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Pediatrician Visits - Pain Free

Dreading another doctor appointment with your little one??

Well LAPregnancy found out about a miracle cream that takes away the pain from all of those shots!

That's right, EMLA is a unique product that numbs your child's skin at the injection site and makes needle insertions and other procedures less painful. EMLA can easily be applied at home - just ask your doctor for a prescription and get to your pharmacist today!


Applying EMLA
EMLA Cream should be applied 1 hour before the shot or needle procedure. Satisfactory numbing of the skin occurs 1 hour after application, reaches a maximum at 2 to 3 hours (1 hour for children less than 3 months), and lasts for 1 to 2 hours after removal. This timing makes it convenient to apply EMLA at home prior to appointment.

Who can use EMLA?
EMLA can be used for most children, including infants at least 37 weeks gestation. However, it should not be used in children with rare condition of congenital or idiopathic methemoglobinemia, or in infants under the age of 12 months who are receiving treatment with methemoglobin-inducing agents. It should also not be used in children with sensitivity to lidocaine or prilocaine, or any other component of the product. If you have any questions as to whether or not EMLA is right for your child, please consult your child's doctor.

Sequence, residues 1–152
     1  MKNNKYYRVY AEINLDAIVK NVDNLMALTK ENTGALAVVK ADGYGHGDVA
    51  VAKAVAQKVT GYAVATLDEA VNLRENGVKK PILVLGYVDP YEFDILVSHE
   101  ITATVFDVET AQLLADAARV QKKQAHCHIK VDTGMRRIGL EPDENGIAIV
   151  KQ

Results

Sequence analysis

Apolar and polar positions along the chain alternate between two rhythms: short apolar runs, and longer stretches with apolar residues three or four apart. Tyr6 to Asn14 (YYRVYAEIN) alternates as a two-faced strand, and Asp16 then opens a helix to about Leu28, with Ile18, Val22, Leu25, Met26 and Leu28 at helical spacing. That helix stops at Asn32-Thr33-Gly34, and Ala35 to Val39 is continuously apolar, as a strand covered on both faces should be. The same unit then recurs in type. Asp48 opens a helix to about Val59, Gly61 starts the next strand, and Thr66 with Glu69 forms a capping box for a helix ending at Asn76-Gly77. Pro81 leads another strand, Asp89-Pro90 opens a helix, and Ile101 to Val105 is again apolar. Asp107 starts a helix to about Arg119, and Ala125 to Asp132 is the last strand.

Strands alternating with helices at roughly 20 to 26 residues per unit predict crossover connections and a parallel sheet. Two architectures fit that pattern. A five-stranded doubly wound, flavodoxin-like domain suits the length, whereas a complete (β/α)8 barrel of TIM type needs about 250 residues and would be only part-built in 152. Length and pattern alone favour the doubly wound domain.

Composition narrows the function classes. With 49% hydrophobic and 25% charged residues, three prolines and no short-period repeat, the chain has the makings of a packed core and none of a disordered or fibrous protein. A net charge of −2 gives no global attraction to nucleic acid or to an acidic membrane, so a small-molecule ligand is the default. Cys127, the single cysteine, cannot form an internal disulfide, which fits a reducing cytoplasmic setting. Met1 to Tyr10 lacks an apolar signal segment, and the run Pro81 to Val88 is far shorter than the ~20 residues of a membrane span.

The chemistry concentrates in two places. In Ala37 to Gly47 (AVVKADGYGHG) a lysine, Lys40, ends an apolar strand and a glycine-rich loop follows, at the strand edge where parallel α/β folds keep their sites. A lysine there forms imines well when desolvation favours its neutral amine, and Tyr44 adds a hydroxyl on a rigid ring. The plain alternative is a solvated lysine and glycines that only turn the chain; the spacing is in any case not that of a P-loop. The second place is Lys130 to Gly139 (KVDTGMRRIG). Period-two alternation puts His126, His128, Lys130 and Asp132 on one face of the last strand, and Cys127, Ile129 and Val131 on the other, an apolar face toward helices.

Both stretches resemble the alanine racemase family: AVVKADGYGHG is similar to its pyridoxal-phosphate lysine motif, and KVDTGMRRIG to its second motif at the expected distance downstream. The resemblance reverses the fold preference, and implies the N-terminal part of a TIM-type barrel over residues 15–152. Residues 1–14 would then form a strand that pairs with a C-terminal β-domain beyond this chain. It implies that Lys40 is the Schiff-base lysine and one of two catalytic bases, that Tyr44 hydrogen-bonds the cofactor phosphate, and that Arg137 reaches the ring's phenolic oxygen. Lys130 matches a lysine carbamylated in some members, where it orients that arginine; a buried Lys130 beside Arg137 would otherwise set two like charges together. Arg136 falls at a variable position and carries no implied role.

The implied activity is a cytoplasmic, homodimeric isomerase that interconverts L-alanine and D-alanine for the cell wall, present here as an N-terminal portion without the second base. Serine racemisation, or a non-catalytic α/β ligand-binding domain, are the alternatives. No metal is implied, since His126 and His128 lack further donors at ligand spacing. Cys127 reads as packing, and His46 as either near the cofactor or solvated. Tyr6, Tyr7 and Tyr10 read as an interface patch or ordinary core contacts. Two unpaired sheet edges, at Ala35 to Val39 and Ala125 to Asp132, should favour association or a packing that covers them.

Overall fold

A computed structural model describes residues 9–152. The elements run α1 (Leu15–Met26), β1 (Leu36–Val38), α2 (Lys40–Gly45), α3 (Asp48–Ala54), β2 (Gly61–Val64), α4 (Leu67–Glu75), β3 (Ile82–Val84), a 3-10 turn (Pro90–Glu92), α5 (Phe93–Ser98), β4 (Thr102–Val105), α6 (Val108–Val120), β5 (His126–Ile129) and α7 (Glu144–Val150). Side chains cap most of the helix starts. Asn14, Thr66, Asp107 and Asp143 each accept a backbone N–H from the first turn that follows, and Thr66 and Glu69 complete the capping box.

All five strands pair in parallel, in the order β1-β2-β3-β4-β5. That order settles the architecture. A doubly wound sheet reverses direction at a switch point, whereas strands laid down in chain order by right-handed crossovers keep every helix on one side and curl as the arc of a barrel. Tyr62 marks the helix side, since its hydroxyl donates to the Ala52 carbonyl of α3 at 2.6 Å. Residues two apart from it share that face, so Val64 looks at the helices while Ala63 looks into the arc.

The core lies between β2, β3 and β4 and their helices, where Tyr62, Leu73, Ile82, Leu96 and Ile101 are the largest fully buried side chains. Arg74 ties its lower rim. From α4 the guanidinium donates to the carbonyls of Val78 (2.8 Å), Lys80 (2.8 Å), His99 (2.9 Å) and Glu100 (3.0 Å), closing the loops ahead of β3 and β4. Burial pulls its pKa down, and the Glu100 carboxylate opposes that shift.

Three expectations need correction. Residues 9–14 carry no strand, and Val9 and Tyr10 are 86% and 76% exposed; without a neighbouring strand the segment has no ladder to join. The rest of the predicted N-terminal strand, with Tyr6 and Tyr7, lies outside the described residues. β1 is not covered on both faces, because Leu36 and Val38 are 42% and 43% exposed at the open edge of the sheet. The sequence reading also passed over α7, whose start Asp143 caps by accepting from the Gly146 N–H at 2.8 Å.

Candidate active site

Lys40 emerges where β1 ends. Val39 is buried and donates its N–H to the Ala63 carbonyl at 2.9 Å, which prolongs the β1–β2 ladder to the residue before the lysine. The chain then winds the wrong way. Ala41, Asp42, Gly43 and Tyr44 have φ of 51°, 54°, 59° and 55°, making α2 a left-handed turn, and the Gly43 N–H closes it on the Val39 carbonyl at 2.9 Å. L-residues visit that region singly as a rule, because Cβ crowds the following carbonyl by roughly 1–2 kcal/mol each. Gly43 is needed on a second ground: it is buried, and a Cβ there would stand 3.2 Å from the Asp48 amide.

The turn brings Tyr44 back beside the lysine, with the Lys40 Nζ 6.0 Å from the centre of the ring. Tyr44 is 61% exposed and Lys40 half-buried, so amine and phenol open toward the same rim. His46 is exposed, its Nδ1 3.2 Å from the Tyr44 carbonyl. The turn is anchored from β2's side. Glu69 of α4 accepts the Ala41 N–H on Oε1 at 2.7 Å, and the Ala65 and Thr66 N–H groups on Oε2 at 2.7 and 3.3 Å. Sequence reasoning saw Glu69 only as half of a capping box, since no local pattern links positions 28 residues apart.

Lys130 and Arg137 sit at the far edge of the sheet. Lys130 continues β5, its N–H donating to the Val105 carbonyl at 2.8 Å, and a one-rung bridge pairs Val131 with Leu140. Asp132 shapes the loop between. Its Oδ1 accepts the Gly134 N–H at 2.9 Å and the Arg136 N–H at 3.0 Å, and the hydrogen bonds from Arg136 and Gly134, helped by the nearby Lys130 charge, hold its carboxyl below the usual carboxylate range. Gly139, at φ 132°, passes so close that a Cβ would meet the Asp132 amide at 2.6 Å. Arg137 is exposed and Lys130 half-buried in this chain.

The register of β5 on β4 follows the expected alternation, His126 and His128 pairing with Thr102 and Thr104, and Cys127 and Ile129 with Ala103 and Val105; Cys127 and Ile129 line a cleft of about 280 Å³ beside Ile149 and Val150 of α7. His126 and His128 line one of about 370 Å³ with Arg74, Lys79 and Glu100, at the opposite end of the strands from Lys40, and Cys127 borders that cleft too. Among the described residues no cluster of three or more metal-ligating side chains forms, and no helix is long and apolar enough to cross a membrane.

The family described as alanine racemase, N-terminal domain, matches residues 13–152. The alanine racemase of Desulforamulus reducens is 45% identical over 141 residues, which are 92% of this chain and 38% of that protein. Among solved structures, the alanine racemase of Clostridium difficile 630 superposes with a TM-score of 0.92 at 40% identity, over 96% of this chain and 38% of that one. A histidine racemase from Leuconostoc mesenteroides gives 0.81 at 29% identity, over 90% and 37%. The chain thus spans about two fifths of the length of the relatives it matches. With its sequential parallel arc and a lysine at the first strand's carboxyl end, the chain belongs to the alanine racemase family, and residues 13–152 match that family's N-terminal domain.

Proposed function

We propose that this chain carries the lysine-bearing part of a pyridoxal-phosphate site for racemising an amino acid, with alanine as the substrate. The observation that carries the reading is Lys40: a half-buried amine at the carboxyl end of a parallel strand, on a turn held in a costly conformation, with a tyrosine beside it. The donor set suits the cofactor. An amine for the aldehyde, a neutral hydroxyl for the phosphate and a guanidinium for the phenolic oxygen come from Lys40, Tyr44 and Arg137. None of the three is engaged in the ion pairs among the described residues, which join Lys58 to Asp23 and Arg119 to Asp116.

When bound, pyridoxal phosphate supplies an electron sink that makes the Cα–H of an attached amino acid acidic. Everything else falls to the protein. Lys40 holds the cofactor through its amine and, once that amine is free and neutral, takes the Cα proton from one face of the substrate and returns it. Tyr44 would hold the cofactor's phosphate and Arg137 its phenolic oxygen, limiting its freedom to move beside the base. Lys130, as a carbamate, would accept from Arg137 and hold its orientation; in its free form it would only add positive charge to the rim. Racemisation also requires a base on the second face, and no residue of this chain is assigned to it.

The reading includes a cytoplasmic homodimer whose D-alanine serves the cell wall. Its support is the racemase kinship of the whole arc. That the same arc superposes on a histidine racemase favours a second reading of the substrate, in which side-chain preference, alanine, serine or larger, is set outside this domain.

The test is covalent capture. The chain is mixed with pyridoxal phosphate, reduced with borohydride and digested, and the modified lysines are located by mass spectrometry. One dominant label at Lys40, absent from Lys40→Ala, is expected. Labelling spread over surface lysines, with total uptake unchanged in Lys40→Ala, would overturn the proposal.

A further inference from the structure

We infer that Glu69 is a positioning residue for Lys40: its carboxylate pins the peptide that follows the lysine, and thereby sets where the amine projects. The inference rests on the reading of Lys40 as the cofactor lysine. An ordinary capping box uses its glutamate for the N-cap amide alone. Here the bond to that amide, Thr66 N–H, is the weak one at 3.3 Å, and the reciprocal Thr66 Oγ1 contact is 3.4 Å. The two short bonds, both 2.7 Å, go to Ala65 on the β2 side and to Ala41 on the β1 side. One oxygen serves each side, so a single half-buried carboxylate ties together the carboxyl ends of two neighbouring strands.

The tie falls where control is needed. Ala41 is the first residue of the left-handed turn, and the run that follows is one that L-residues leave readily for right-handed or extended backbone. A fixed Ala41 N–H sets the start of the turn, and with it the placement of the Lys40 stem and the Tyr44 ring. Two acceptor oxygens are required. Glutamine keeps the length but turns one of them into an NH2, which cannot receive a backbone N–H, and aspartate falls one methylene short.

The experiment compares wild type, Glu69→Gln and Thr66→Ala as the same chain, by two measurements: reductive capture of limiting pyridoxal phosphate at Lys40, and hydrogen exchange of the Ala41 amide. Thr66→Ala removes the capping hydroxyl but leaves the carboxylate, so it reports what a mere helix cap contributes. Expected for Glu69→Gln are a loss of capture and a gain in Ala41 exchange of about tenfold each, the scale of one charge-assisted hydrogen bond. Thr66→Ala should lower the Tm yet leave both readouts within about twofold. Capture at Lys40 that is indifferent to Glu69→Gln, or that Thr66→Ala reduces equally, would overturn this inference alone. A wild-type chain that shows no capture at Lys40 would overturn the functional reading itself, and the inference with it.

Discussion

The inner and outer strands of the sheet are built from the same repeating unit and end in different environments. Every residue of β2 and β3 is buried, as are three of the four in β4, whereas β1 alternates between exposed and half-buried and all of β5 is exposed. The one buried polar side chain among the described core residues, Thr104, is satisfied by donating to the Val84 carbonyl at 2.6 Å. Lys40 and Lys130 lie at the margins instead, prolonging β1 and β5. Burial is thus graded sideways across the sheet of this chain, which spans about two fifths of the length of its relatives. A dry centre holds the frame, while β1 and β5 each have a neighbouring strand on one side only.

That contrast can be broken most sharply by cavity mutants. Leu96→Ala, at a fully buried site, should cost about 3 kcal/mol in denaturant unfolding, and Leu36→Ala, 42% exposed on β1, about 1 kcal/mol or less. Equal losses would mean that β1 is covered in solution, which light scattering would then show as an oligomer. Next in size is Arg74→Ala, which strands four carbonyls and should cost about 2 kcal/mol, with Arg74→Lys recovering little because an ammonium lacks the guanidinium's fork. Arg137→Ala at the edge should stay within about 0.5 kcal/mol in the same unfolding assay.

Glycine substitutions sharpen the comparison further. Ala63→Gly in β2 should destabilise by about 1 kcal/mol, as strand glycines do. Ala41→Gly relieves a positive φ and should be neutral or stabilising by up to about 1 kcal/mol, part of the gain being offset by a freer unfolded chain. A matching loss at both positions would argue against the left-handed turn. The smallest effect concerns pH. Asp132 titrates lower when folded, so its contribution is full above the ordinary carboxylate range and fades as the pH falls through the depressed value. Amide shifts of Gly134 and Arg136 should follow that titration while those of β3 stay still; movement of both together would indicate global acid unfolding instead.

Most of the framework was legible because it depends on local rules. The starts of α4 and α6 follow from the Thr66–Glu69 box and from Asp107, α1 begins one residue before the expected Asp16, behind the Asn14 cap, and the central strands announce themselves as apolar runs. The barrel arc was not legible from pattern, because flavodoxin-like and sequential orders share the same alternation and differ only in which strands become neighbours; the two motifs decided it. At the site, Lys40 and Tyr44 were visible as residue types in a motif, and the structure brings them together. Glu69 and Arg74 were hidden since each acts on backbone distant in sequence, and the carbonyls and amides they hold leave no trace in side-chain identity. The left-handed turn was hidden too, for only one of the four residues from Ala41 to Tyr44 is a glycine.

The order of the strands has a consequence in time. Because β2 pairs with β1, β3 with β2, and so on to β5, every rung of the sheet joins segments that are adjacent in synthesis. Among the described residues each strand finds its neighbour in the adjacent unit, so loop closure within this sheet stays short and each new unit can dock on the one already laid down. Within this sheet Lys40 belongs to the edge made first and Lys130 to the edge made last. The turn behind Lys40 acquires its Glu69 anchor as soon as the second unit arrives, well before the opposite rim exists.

Accidental ingestion of EMLA may be toxic. Call your local Poison Control Center and your doctor.

EMLA Cream (lidocaine 2.5% and prilocaine 2.5%) is indicated as topical anesthetics for use on normal intact skin for local analgesia (pain relief). EMLA is contraindicated in patients with a known history of sensitivity to local anesthetics of the amide type or any other component of the product. EMLA is indicated for genital mucous membranes for superficial minor surgery and as pretreatment for infiltration anesthesia. EMLA can be used on infants with a gestational age of 37 weeks or more. If EMLA is left on the skin for longer times or applied over larger skin areas than recommended by a physician, serious side effects, such as methemoglobinemia, may occur. In patients treated with EMLA in clinical studies, the percentage of patients in which local effects at the application site were observed included: skin paleness (pallor or blanching) 37%, redness 30%, a changed ability to feel hot or cold 7%, swelling 6%, itching 2%, and rash, less than 1%. These mild side effects generally went away by themselves within 1 or 2 hours.


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